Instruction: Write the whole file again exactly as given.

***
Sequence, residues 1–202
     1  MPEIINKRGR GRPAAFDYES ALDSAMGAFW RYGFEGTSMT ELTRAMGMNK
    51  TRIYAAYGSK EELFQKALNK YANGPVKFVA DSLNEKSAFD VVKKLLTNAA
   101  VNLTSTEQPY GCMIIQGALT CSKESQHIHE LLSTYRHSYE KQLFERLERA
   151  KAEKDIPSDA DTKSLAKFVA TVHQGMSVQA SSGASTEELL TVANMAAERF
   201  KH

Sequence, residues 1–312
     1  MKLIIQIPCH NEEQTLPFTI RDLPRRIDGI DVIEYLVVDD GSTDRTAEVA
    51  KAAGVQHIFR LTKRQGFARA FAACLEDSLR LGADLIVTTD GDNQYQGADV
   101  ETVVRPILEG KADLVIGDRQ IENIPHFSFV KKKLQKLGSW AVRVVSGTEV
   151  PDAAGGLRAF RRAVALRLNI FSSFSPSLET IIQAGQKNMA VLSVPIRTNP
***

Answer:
Sequence, residues 1–202
     1  MPEIINKRGR GRPAAFDYES ALDSAMGAFW RYGFEGTSMT ELTRAMGMNK
    51  TRIYAAYGSK EELFQKALNK YANGPVKFVA DSLNEKSAFD VVKKLLTNAA
   101  VNLTSTEQPY GCMIIQGALT CSKESQHIHE LLSTYRHSYE KQLFERLERA
   151  KAEKDIPSDA DTKSLAKFVA TVHQGMSVQA SSGASTEELL TVANMAAERF
   201  KH

Sequence, residues 1–312
     1  MKLIIQIPCH NEEQTLPFTI RDLPRRIDGI DVIEYLVVDD GSTDRTAEVA
    51  KAAGVQHIFR LTKRQGFARA FAACLEDSLR LGADLIVTTD GDNQYQGADV
   101  ETVVRPILEG KADLVIGDRQ IENIPHFSFV KKKLQKLGSW AVRVVSGTEV
   151  PDAAGGLRAF RRAVALRLNI FSSFSPSLET IIQAGQKNMA VLSVPIRTNP